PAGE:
ALBUM REVIEW: Mimicking Birds wow with consistency on Layers of Us

Mimicking Birds, Layers of Us

Mimicking Birds have a sound that covers all sorts of genres, ranging from anywhere between stripped down serenades to subtle synth soundscapes. Through these elements, the Portland folk-pop quintet creates something that works for both the coffee shop next door and a movie soundtrack.

Layers of Us
Mimicking Birds
Jan. 26

In 2014, Mimicking Birds released debut album Eons and proved to the music world that it was an interesting and formidable contender to wrestle with. Through simple strums of a guitar, eloquently woven with singer Nate Lacy’s velvety rasp, the band showed a phenomenal ability to form a beautifully crafted story, both lyrically and sonically. Lacy’s vocals also created an angelic, yet haunting atmosphere comparable to the likes of Bon Iver and James Vincent McMorrow.

Layers of Us, the latest album from Mimicking Birds, continues to impress with gorgeous artistry. The recurring hazy tones presented in the group’s previous work have since been more developed, presenting the band’s clear musical evolution throughout the years. Songs like “A Part” and “Lumens” send listeners straight into a state of nostalgia. With a blend of narratives that hit close to home and spiked pitches, both tracks can soothe the soul with its unadulterated sentiment.

Then, there’s the heart-wrenching power-ballad, “Belongings.” Through tender tones that build into the dreamiest thrill, this track hones in the group’s signature elements. Consequently, “Belongings” quite possibly frames the impact of the entire album, which is to surge listeners with celestial sensations and good gumption.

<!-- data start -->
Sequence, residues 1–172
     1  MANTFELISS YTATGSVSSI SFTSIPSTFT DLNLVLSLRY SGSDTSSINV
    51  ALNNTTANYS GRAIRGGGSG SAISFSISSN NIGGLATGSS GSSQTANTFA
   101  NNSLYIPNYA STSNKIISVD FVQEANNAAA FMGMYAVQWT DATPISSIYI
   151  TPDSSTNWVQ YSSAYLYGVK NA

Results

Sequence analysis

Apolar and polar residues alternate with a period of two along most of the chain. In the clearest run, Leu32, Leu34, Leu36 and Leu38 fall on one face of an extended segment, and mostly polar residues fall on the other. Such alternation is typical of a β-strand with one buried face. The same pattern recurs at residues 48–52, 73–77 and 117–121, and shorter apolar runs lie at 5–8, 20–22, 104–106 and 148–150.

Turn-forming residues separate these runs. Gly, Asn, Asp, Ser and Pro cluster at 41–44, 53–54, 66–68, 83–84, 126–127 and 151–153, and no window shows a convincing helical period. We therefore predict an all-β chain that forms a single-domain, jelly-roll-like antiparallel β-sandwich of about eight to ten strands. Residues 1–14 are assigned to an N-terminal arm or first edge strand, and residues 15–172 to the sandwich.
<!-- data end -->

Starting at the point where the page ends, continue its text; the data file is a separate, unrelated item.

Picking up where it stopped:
While Mimicking Birds show consistency in their songwriting, the band also isn’t afraid to go beyond its usual sound. Take faster-paced tunes like “Another Time” and “Sunlight Daze.” In these slaps, the band takes on quicker vocal stylings and even more methodical drumming. The quintet does not shy away from infectiously danceable tunage and, as demonstrated by the tracks’ grooviness, the risk-taking pays off.

Although the soft rock vibe might not be for everyone, there is something to be gleaned from the band’s consistently solid output. Mimicking Birds constantly paint a cohesive picture, whether through story structure or authentic riffs of originality, all while remaining true to its core sound. The group only adds backbone to its brand through the eclectic but still genuinely authentic music-making. An impressive and refreshing feat, Mimicking Birds have not allowed itself to be molded by way of many other bands in today’s music scene. Instead, the rockers continue to develop the sticky sweet sound that they do best, while also giving listeners a new opportunity to put on their dancing shoes at the next show.  

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(3) Comments

  1. Andrew Sawyer

    Eons was their sophomore release. The eponymous album, Mimicking Birds, was their first release which came out in 2010

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